Value Score No Data
Good For Solo
The Only Place to Stay - Literally!
With only 1 place to stay at the bottom of the canyon in a national park that has over 5 million visitors per year to the area, you can imagine that in order for this place to maintain its efficiency, there are some rules to be had and that's what this place is about.
No frills establishment, with mostly basic dormitory style sleeping accommodations, you better be ready to be on time for dinner when the bell rings or prepared to go to bed hungry. But with all the rules, this place is friendly and provides a toasty hot shower after a grueling day hiking!
And don't forget to arrive at the canteen before 3:30 pm so you can get a cold can of Tecate to celebrate your arrival when you first check in! (Canteen closes until 8pm otherwise)...
Unique Quality: Be sure to look out for the ringtail cats that hang outside the canteen after dinner looking for extra scraps of food! They look like raccoons and were harmless, as far as we could tell. Kind of a fun little critter to check out in the wild.
Bottom of the Canyon
I wish we could have gone down to Phantom Ranch, but we didn't have the time or ability to do so. It is accessible only by foot, mule or boat.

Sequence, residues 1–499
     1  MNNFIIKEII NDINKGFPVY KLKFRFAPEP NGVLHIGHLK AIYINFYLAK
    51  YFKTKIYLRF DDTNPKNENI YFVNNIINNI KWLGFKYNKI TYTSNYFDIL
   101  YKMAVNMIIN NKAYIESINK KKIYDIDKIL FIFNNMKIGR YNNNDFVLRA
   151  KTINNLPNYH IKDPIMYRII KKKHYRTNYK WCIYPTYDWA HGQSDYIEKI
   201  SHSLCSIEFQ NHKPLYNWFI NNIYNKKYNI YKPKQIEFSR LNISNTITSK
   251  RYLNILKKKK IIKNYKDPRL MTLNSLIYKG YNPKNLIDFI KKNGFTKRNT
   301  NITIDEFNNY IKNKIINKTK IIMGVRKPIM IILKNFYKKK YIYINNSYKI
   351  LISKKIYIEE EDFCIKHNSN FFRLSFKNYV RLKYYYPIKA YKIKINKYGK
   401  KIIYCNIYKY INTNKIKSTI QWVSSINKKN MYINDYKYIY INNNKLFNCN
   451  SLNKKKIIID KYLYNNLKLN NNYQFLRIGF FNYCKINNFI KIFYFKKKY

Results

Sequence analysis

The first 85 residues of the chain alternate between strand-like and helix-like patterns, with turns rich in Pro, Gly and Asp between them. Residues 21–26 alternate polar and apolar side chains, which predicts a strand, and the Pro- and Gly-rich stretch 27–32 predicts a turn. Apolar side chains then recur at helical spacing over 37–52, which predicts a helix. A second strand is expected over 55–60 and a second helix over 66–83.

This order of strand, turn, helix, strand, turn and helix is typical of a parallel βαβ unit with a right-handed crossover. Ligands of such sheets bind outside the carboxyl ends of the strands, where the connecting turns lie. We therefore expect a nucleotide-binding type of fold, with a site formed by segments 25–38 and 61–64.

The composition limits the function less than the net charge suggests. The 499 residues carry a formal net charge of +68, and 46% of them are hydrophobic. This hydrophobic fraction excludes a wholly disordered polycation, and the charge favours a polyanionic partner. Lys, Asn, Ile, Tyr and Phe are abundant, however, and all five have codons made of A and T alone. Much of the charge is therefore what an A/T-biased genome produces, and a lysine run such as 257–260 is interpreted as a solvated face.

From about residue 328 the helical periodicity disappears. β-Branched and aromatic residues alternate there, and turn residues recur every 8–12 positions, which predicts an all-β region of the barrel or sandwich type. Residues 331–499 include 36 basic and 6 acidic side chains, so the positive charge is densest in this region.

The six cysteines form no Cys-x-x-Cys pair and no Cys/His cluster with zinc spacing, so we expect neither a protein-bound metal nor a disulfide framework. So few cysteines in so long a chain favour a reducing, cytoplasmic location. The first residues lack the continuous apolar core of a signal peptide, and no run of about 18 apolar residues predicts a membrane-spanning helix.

There's an additonal review by by silvia-m.b under the Grand Canyon. Another one by dpeirce
And one by Richiecdisc under Arizona
Unique Quality: I saw a TV show today on the Travel Channel that was talking about NPS lodges, and this was one of the ones profiled. This is another one of the buildings that was designed by Mary Colter who also designed five structures on the South Rim of the Grand Canyon: the Hopi House (1905), Hermit's Rest (1914), the observatory Lookout Studio (1914), the 70-foot Watchtower at Desert View (1932) with its hidden steel structure, and the Bright Angel Lodge (1935)
It was built in 1922 at an astonishing (for that time) cost of a quarter million dollars. This was partly because they had indoor bathrooms.
It was described as an oasis in the desert. It has trees and is built near Phantom Creek (which is where it gets its name - it isn't haunted or anything).
I didn't stay here, but thought it was worth mentioning.
Distance - 6.8 miles down the South Kaibab Trail, 4.8 along the River Trail and up part of the Bright Angel Trail to Indian Gardens Camp, 3 miles round trip to Plateau Point and back (Optional side hike), 4.7 miles out on the Bright Angel Trailhead
Elevation - 7,260ft. to 2,450ft. to 6,860ft.
Best Seasons - September through May.
Unique Quality: Phantom Ranch is the only non-campground place to stay below the rim. There are cabins, dorms with bunk beds, separate showers, a place to buy sodas, snacks and postcards and a telephone. The dining hall also serves breakfast and dinner,
old rustic charm of Phantom Ranch